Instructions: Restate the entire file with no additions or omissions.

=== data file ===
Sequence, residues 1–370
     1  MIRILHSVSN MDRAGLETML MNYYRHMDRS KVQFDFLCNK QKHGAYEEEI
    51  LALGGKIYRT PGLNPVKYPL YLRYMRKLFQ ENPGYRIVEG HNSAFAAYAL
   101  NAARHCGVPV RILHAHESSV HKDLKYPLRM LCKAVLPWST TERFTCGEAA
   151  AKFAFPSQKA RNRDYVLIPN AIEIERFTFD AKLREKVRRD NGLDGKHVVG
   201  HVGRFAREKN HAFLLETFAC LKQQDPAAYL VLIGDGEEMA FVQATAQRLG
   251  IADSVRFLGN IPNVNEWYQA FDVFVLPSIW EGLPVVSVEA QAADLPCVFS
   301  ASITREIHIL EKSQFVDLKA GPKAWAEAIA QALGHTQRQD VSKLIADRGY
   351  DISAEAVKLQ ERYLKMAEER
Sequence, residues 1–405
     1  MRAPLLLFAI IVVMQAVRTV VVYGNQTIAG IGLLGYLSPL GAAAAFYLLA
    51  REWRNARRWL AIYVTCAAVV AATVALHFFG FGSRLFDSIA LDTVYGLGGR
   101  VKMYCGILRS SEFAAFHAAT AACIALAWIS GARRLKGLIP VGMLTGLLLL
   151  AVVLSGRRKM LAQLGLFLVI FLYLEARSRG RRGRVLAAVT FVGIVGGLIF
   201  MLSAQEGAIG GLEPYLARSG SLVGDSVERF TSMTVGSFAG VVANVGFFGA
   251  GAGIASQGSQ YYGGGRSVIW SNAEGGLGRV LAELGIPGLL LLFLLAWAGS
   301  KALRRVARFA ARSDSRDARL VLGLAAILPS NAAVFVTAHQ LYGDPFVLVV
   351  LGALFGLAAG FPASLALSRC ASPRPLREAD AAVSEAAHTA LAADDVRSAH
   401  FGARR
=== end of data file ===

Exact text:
Sequence, residues 1–370
     1  MIRILHSVSN MDRAGLETML MNYYRHMDRS KVQFDFLCNK QKHGAYEEEI
    51  LALGGKIYRT PGLNPVKYPL YLRYMRKLFQ ENPGYRIVEG HNSAFAAYAL
   101  NAARHCGVPV RILHAHESSV HKDLKYPLRM LCKAVLPWST TERFTCGEAA
   151  AKFAFPSQKA RNRDYVLIPN AIEIERFTFD AKLREKVRRD NGLDGKHVVG
   201  HVGRFAREKN HAFLLETFAC LKQQDPAAYL VLIGDGEEMA FVQATAQRLG
   251  IADSVRFLGN IPNVNEWYQA FDVFVLPSIW EGLPVVSVEA QAADLPCVFS
   301  ASITREIHIL EKSQFVDLKA GPKAWAEAIA QALGHTQRQD VSKLIADRGY
   351  DISAEAVKLQ ERYLKMAEER
Sequence, residues 1–405
     1  MRAPLLLFAI IVVMQAVRTV VVYGNQTIAG IGLLGYLSPL GAAAAFYLLA
    51  REWRNARRWL AIYVTCAAVV AATVALHFFG FGSRLFDSIA LDTVYGLGGR
   101  VKMYCGILRS SEFAAFHAAT AACIALAWIS GARRLKGLIP VGMLTGLLLL
   151  AVVLSGRRKM LAQLGLFLVI FLYLEARSRG RRGRVLAAVT FVGIVGGLIF
   201  MLSAQEGAIG GLEPYLARSG SLVGDSVERF TSMTVGSFAG VVANVGFFGA
   251  GAGIASQGSQ YYGGGRSVIW SNAEGGLGRV LAELGIPGLL LLFLLAWAGS
   301  KALRRVARFA ARSDSRDARL VLGLAAILPS NAAVFVTAHQ LYGDPFVLVV
   351  LGALFGLAAG FPASLALSRC ASPRPLREAD AAVSEAAHTA LAADDVRSAH
   401  FGARR